Investing in Isovalent

I am very excited to announce our partnership with Isovalent in their journey to redefine networking and security. Isovalent is the driving force behind both eBPF and Cilium, projects in Linux that provide a software networking layer for modern cloud architectures. Cilium has rapidly become a leading technology in the Kubernetes ecosystem, providing the network data plane for the Google Kubernetes Engine (GKE), and gaining adoption among other leading cloud native end users, including Adobe, DataDog, GitLab, and DigitalOcean. 

So what is all the fuss about? Let me explain. 

For decades, networks have been defined in terms of the individual endpoints they connect. With workloads running on physical machines, we wired physical switches, load-balancers, and firewalls, and defined connectivity in terms of the IP addresses assigned to each machine. When we shifted to connecting virtual machines (VMs), we created virtual switches, virtual load-balancers, and virtual firewalls, but again thought of connectivity in terms of individual VM endpoints. 

In modern systems we rarely think about connecting machines and wires, or virtual machines, or even containers, really. Instead, we’re concerned with connecting microservices, cloud services, APIs, and the higher level protocols and systems used to connect them. The past was IP addresses, ports, vNICs and VLANS. Now, it is service identity, gRPC, Kafka, distributed data stores, remote APIs, etc. 

Kubernetes has emerged as the cloud’s operating system, stitching together nodes (the majority of them Linux) and enabling microservices. But Kubernetes breaks a lot of the old school networking and security tooling that assumed an immutable physical server. And so, simply, we need a new networking and security layer that provides cloud native visibility, security, and control of these high level abstractions in a way that is secure, seamless to deploy, and does not compromise application performance. That new layer is Cilium.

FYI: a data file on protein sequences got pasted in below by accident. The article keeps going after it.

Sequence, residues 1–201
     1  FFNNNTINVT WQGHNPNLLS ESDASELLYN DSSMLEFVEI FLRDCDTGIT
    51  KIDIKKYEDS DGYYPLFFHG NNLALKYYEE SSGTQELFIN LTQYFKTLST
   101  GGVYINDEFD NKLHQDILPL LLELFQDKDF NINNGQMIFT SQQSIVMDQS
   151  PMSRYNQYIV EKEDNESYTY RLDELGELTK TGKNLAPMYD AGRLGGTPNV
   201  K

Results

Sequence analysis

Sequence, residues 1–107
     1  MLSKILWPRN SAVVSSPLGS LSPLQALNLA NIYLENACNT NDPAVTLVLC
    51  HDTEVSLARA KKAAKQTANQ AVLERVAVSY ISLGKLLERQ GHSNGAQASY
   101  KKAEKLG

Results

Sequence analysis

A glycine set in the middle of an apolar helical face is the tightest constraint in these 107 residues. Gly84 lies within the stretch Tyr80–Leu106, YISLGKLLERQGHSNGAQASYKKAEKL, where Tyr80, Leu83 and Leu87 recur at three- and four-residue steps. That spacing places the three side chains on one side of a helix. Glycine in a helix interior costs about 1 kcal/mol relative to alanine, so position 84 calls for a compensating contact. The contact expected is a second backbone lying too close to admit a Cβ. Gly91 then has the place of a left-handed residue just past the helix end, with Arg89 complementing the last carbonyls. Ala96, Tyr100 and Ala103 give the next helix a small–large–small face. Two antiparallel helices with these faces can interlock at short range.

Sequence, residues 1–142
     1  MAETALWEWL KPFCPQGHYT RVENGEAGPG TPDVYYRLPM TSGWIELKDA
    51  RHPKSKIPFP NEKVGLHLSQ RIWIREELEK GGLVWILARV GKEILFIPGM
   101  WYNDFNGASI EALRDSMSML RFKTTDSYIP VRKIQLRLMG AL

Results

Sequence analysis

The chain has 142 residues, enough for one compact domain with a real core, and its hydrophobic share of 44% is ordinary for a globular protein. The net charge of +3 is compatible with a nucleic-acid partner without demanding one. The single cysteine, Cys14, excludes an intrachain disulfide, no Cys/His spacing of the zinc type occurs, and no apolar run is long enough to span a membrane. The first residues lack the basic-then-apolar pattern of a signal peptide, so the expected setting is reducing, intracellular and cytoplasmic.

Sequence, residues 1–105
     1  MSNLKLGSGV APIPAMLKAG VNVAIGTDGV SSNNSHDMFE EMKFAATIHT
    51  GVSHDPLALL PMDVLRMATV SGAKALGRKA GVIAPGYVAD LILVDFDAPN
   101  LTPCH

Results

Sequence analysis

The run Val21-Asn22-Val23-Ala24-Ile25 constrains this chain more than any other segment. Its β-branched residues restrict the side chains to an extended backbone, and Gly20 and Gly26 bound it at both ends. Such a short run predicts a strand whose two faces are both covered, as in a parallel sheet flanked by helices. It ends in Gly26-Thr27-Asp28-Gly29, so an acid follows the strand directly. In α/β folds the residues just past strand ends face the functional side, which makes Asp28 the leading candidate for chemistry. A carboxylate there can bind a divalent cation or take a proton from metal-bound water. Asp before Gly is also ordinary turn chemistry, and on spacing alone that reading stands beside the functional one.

Cilium is built around eBPF and runs within the Linux kernel, making it seamless to deploy and highly performant. Linux is the operating system for many of the nodes underlying Kubernetes. And wherever there’s Linux, security comes down to a kernel being asked to do something. Until recently, that kernel, while powerful, was relatively unintelligent, with layers of complexity built on top.

With eBPF, it’s possible to write a program and embed it directly into the kernel. A common analogy: eBPF brings to the Linux kernel what JavaScript brought to the browser. With eBPF, you can see and control what is happening at the API level, showing the remote API calls being invoked and the data that they are being passed. Cilium + eBPF is far more than API-aware visibility, it’s a fundamentally more powerful way to do networking in cloud environments, from traditional configurations on up, that allows for more robust program tracing, observability, and monitoring. But it’s hard to provide a full technical overview of something as foundational as eBPF and Cilium in a blog post such as this, so rather than attempt to do that, I strongly recommend you watch this video from Isovalent Cofounder Thomas Graf.

Building something like Cilium, and an enterprise offering around it, is no small feat. There are few teams in the industry who have the right combined background of low-level networking, Linux kernel intervals, large distributed systems, and open source community building to pull it off. We believe that the team at Isovalent is hands down the most equipped for the job, not just because of their work creating eBPF and Cilium, but because they have decades of experiences in the foundational technologies that led up to it.

Dan Wendlandt along with Thomas, the cofounders of Isovalent, are two of the most respected talents in the software defined networking space. Thomas, the CTO, is one of the leading engineers and architects of networking in Linux in the world. He’s also the original creator of Cilium, and along with Isovalent’s Daniel Borkmann, was foundational in turning eBPF into an industry-wide movement.

I first met Dan, the CEO, when we were both at Stanford. At the time I was TA’ing an undergraduate networking course and he was the top student in the class. Dan joined me in the very earliest days at Nicira, where we built out a software networking layer for virtualized data centers, which became a multi-billion dollar product line within VMware. 

Dan, Thomas, and I have been working in this space for over a decade and we’ve always shared as our north star a belief that networking and security must be decoupled from low-level abstractions, like IPs and ports, and instead operate at a higher layer that aligns with how developers, DeVOps, and SecOPs teams already think about their applications. Until just recently, the supporting technologies simply didn’t exist for such a solution. But that all changed with Kubernetes and eBPF. 

With Isovalent, Dan and Thomas have put together the best team in the industry to develop the best networking and security technologies for Kubernetes. We strongly believe they are well on their way to upending networking yet again. 



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